Half of the people tallied in the CDC’s data, and nearly as many Tribune readers, reported fatigue after the second shot. (Only 1 in 5 Tribune readers who responded said they felt fatigue after the first dose.)
[Read more: Here are the side effects these Utahns felt after their first shots of COVID-19 vaccine]
Melissa Bunton, 43, said she had “a really sore arm and I felt completely run down for about a day after.” Bunton, a substitute teacher from Tooele, added she “was still able to go to work, but was very tired.”
Nationally, recent CDC research showed, women report more significant side effects from COVID-19 vaccines than men.
Other symptoms also spiked the second time around for Tribune readers. A quarter had a headache and a third said they experienced muscle pain. In the CDC data, both symptoms were reported by 42% of people who got a second dose, up from 26% for headaches and 17% for muscle pain after a first dose.
The side effect that showed the biggest increase, among Tribune readers, was chills. After the first dose, only a small number said they felt chills; after the second dose, that went up to more than a quarter — close to the 29% reported in the CDC data.
Soshnik, a retired nurse living in Park City, has helped other seniors get registered for their vaccination appointments. After her own second dose, she had the “flu-like symptoms” the CDC warns are possible.
“Thirty-six hours of fever of 103, beginning 16 hours after the injection. Then, after the high fever broke, a low-grade fever for the next four days,” Soshnik said. “Totally weak, with diarrhea and body aches.”
Katie Simpson, 30, a mental health therapist who lives in Sandy, said she “experienced moderate to severe flu-like symptoms” 18 hours after getting her shot. “I had a fever; bone, muscle, joint pain, chills; back muscle spasms, headache, fatigue and body aches,” she said. After 12 hours, Simpson said, they subsided.
Kim Gardner, 42, a veterinary technician from West Jordan, said she suffered a migraine that was bad enough that she called urgent care — which told her to take acetaminophen. “The next day I had cold chills, fever, body aches, fatigue and was exhausted,” Gardner said. “That lasted about 24 hours.”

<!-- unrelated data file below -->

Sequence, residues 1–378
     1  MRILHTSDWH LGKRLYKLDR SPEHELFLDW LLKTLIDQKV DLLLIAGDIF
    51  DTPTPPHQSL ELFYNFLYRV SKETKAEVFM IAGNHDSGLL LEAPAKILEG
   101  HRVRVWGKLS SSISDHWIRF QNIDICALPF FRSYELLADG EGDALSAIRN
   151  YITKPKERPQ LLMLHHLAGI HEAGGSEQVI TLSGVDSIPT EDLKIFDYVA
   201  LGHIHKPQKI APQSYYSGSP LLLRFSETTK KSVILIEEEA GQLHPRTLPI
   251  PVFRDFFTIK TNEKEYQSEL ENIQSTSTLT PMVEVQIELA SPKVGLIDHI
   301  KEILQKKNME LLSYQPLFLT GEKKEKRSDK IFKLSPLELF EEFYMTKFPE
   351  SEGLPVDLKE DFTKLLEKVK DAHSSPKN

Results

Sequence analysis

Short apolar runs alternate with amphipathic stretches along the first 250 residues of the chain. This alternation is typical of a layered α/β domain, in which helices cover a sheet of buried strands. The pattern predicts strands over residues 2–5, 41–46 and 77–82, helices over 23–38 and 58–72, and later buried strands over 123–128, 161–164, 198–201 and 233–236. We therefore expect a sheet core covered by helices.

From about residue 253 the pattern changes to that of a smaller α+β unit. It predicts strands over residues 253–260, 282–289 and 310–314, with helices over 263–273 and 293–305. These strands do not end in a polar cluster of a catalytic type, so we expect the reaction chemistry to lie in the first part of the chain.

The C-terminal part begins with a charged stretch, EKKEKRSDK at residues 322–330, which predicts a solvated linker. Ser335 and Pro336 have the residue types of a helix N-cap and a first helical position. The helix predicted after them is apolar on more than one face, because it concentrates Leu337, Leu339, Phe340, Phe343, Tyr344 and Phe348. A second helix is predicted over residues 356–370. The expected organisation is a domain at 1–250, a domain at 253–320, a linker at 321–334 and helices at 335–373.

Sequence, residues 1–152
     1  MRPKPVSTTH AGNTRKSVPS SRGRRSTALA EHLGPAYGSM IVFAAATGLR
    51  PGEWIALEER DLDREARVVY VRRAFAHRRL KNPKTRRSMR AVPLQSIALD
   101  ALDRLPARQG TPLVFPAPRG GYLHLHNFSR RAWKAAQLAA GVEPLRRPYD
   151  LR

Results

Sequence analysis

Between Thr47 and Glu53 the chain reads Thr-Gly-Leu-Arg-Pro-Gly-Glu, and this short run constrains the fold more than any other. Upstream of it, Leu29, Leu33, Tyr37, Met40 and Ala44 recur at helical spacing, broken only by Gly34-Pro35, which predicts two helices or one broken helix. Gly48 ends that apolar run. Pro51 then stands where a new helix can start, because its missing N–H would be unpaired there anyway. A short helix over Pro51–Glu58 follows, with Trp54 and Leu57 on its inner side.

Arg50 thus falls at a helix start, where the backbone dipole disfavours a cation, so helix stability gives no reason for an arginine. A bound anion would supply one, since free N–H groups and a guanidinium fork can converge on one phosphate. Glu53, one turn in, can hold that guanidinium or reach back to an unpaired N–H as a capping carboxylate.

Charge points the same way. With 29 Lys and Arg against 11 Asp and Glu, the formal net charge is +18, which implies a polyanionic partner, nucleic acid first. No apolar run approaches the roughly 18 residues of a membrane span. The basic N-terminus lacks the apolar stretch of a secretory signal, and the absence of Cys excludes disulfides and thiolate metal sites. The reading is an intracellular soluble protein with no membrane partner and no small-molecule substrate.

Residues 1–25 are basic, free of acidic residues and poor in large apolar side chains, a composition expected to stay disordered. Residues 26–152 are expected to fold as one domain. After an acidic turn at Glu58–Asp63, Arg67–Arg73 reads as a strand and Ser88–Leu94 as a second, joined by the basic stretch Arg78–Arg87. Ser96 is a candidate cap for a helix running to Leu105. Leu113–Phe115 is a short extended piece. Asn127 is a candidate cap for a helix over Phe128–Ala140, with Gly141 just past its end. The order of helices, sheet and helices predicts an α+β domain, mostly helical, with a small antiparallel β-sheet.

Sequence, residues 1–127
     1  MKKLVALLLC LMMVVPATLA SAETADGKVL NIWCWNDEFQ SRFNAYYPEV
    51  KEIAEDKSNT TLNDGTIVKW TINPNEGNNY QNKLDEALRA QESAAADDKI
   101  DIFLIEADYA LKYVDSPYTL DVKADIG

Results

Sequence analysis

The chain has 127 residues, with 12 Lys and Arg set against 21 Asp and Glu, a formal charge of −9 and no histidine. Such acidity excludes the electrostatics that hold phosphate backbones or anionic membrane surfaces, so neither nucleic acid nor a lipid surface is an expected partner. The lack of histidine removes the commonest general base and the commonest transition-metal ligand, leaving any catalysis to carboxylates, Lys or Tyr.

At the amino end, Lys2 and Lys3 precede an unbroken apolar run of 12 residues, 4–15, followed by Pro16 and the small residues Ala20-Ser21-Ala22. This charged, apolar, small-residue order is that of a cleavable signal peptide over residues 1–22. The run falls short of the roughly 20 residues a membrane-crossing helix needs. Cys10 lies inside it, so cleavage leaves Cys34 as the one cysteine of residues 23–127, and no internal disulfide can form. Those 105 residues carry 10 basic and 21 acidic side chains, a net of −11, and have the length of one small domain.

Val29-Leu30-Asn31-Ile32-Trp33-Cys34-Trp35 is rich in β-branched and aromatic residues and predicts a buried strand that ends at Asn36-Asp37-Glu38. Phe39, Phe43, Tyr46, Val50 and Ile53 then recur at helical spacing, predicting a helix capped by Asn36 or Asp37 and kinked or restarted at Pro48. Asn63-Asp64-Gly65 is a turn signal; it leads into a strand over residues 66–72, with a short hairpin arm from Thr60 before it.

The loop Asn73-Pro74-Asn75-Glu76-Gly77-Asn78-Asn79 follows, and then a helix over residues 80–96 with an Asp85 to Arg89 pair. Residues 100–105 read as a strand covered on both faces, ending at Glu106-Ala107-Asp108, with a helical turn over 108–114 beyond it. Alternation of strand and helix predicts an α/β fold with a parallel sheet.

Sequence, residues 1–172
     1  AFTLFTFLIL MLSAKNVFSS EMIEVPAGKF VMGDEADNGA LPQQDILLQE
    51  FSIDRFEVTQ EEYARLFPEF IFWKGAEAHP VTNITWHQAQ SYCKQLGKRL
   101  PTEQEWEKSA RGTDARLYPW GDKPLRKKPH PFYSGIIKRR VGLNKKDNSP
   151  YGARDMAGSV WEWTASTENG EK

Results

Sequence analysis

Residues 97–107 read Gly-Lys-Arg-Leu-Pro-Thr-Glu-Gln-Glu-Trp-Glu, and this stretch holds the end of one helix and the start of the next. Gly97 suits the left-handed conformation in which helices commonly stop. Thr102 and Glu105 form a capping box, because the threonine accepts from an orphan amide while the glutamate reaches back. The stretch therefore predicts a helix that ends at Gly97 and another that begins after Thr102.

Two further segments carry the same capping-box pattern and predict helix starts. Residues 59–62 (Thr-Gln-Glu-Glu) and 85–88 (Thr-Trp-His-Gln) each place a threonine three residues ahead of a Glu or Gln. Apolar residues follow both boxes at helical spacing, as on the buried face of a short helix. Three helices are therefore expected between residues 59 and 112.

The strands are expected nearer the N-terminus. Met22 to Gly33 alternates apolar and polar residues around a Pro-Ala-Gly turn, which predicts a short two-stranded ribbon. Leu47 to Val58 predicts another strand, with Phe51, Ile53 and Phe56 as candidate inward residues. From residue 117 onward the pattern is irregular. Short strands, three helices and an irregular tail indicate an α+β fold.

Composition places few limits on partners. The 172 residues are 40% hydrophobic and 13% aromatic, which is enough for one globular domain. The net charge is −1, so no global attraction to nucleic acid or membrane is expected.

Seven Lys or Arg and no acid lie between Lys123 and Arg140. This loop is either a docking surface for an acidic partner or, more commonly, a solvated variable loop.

A day and a night of side effects, Gardner said, was, “honestly, a fair trade for a lifesaving vaccine. I look forward to the day my whole family can be vaccinated and herd immunity is achieved.”
‘I took the shot for everyone’
Other Tribune readers expressed similar sentiments.
“Even with the symptoms I got after the second dose, I’m glad I got the vaccine,” said Andersen, the EMT in Vernal. “I share with people my experience, so they are informed to make their own decision. But I still recommend it.”
Devon Cooper, 40, a math teacher at West Valley City’s Hunter High School, experienced 24 hours with joint pain, body aches, fever and chills after his second shot. But he’s glad he did it. “I didn’t take the shot just for me,” Cooper said. “I took the shot for everyone I come in contact with.”
Carson, the retired teacher, said that after her second shot in late February, “I think I came home with a smile and a private smirk, but no one could tell because I had my face mask on.”
Getting the vaccine meant “being able to see the grandkids again, and [thinking about] how much I looked forward to seeing them,” she said.
Not long after getting the second dose, Carson said, she visited her grandchildren in person. “After almost an entire year,” she said, “this made us very happy.”